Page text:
Bugle - Orientation

Identification. The Bugle (pronounced "boo-glay") are a small, little-known Native American group who live in the interior of northwestern Panama. The meaning of the term "Bugle" is not known. Better known in the literature as "Bokotá" or "Bogotá" and often considered a subcultural group of the Ngawbe (Guaymí), the "Bugle," as they prefer to call themselves, insist on their cultural distinctiveness from the Ngawbe. It is important to note that the Ngawbe also consider the Bugle to be a culturally distinct (but politically affiliated) group. Their views on their cultural distinctiveness reflect the contemporary political importance of ethnic-identity issues for the indigenous populations in Panama.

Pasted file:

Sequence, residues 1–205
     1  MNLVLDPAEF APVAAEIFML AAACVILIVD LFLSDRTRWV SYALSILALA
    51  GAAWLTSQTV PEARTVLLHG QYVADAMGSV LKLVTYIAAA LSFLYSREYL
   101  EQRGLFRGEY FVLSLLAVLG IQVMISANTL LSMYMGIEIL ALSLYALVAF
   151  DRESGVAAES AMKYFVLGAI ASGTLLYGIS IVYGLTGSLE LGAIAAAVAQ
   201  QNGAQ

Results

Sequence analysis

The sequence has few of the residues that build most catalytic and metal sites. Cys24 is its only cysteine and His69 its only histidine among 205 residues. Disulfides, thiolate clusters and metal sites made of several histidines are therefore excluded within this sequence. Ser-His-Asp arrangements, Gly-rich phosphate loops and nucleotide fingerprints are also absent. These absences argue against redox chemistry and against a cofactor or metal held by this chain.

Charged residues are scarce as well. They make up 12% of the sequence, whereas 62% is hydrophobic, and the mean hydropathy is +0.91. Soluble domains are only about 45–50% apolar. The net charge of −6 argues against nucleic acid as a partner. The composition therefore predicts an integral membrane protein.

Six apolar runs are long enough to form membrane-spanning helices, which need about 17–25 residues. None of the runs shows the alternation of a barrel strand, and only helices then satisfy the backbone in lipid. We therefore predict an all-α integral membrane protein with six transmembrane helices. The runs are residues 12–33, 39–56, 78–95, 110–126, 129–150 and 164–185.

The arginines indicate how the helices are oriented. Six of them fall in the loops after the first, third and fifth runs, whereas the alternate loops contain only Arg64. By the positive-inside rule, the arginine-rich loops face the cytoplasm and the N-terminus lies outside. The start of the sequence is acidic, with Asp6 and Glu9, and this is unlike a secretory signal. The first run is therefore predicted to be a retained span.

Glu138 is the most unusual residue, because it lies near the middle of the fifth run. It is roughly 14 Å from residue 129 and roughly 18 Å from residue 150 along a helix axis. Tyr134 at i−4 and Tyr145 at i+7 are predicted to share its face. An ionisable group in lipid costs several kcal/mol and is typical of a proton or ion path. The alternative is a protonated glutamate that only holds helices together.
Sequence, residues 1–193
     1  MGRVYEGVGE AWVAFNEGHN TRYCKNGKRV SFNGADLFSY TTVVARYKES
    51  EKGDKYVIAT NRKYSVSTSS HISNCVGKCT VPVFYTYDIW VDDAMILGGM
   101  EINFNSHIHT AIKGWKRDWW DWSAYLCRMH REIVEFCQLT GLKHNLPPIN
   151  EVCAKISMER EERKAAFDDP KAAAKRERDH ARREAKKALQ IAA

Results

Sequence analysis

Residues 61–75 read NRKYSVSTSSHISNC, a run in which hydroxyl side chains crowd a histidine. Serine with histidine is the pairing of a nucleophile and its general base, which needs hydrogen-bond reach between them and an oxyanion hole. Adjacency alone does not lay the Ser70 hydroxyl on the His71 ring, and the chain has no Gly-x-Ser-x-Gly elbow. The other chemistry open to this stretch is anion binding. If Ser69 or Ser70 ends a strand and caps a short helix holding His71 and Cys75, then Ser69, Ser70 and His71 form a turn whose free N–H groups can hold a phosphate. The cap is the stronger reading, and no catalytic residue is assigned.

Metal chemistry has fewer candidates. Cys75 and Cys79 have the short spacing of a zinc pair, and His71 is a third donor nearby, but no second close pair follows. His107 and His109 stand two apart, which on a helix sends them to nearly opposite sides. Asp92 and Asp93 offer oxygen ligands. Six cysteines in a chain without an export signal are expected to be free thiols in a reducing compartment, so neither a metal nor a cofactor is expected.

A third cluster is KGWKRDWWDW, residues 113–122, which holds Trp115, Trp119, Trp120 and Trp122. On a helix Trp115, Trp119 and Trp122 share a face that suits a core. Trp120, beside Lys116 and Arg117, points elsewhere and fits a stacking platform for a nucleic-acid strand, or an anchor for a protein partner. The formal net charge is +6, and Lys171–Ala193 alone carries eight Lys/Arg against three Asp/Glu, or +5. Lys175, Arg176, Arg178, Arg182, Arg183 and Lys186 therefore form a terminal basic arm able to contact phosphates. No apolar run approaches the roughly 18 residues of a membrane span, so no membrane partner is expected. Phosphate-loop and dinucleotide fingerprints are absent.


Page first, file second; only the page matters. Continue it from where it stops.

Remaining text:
Location. The Bugle proper occupy a small area in the easternmost portion of Bocas del Toro Province and the westernmost portion of northern Veraguas Province, between the drainages of the Río Chucará to the west and the Río Calovébora to the east, and between the Caribbean coastal plain to the north and the continental divide to the south. Most of them live within the corregimiento (municipality) of Santa Catalina, district of Bastimento, province of Bocas del Toro.

Demography. There are an estimated 7,000 speakers of Buglere and Murire (Guaymí-Sabanero); however, many fewer—perhaps only 1,200 to 1,500—claim Bugle as their ethnic identity.


Linguistic Affiliation. Buglere is a dialect of Murire (Guaymí-Sabanero), a language of the Chibchan Family and one of several Chibchan languages that are spoken in Panama and elsewhere in Central America.

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